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  • Writer's pictureKarey Pohn

Presto-Chango— Changing Meaning Through Reframing

One Erickson's most important techniques is reframing. The meaning of things depends on the frame in which you put them, and reframing transforms meaning because

when you change the frame, you also change the meaning.  When the meaning changes so do your responses and behaviour.  The ability to reframe events gives greater freedom and choice . . . .  Metaphors are reframing devices. They say in effect “this could mean that . . .” Fairy tales are beautiful examples of reframes . . . . inventors make reframes . . . . Jokes are reframes.  Nearly all jokes start by setting events in a certain frame and then suddenly and drastically changing it.  Jokes involve taking an object or situation and putting it suddenly in a different context or suddenly giving it another meaning. (O’ Connor & Seymour, 1990, p. 127)

Reframing breaks out of limiting preconceptions to broader understanding of human possibilities.  Watzlawick, a colleague of Bateson’s, mentions that the "essence of brief therapy is the gentle art of reframing" (Lankton & Lankton, 1983, p. 336) O' Connor and Seymour, in discussing reframing note that reframing is not akin to looking at the world with rose-colored glasses and seeing everything as "really good." They explain: “Problems will not vanish of their own accord, they still have to be worked through, but the more ways you have of looking at things the easier they are to solve . . . . reframing gives you room to manoeuvre.”  (O'Connor & Seymour, 1990, p. 128).  Advertising and politics are nonpsychological fields in which reframing abounds.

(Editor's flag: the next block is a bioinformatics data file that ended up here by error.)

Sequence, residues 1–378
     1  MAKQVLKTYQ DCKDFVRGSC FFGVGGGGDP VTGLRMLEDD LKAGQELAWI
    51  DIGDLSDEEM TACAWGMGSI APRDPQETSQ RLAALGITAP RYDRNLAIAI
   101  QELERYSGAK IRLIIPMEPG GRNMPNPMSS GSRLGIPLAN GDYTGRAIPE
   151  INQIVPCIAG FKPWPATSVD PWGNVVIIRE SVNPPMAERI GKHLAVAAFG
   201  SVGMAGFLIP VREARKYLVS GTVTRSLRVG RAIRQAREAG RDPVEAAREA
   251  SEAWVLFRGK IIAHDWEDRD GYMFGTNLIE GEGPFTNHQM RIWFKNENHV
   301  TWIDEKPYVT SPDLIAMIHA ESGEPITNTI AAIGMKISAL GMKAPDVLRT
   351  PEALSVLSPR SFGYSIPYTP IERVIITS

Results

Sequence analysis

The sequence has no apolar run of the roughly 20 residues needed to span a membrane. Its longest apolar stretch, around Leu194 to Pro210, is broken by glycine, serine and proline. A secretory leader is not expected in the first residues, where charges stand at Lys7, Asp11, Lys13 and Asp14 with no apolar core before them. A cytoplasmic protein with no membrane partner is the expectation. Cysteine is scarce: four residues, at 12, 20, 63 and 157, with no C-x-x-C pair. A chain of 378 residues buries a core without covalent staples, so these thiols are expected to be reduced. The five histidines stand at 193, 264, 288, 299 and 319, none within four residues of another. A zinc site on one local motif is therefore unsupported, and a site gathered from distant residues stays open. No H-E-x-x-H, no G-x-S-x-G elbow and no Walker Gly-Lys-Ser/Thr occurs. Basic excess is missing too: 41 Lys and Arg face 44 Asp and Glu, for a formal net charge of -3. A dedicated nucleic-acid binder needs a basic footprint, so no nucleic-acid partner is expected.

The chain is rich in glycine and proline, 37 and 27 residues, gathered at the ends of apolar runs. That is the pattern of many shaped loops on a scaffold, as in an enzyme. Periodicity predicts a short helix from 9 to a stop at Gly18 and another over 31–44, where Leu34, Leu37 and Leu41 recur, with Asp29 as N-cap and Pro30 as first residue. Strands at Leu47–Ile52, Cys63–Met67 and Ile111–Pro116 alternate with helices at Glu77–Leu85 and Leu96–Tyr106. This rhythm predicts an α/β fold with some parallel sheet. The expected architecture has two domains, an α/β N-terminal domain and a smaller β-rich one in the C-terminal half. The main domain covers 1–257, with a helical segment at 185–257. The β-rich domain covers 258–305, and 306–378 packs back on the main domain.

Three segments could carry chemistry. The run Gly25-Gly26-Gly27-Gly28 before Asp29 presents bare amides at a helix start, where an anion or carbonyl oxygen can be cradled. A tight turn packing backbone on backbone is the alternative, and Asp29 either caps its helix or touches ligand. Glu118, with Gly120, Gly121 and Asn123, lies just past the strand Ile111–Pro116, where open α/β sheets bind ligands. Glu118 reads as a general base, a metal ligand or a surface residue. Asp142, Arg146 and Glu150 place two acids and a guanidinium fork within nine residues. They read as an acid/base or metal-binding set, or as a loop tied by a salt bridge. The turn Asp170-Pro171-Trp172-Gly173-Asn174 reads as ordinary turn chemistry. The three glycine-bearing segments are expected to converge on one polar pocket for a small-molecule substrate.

The song “A Spoonful of Sugar” is a metaphor and lesson in reframing. Along the way, reframing occurs in the visit to Uncle Albert’s, at the fireplace before the rooftop adventure, and when Bert talks with the children after the bank run. As we will see in the “I Love to Laugh,” section of the scene-play, reframing is the essence of jokes.  

Now that we have got a taste of Ericksonian magic and have been alerted to its occurrence in Mary Poppins, let us take a last look at how Mary’s Ericksonian magic applies to George, who we can perhaps consider to be the ego, or conscious mind. George Banks is rigid, like the ego, which is structured in a certain way, and not very open to new things.  It would not be useful to confront George directly, because then he would become defensive, which would increase his resistance and rigidity.  Mary works her magic by dealing directly and indirectly with the children— representing the unconscious, while Mary repeatedly confuses the conscious mind, George.  George however "gets" all of the lessons in the end, because the children have shared them with him along the way.  Even though George consciously resisted them at the time, he unconsciously assimilated the lessons due to his constant state of confusion and also due to the fact that they were not directed directly at him.  Play deterritorializes the ego in a similar fashion.  Through play and nonordinary states, we can transform, using the same archetypal pattern with which we have been playing.  And speaking of archetypal patterns, let us take another look at laughter in this light. Laughter, too, deterritorializes the ego as we will see in our final excursion of the dissertation, the laughter excursion. Let us go there now.


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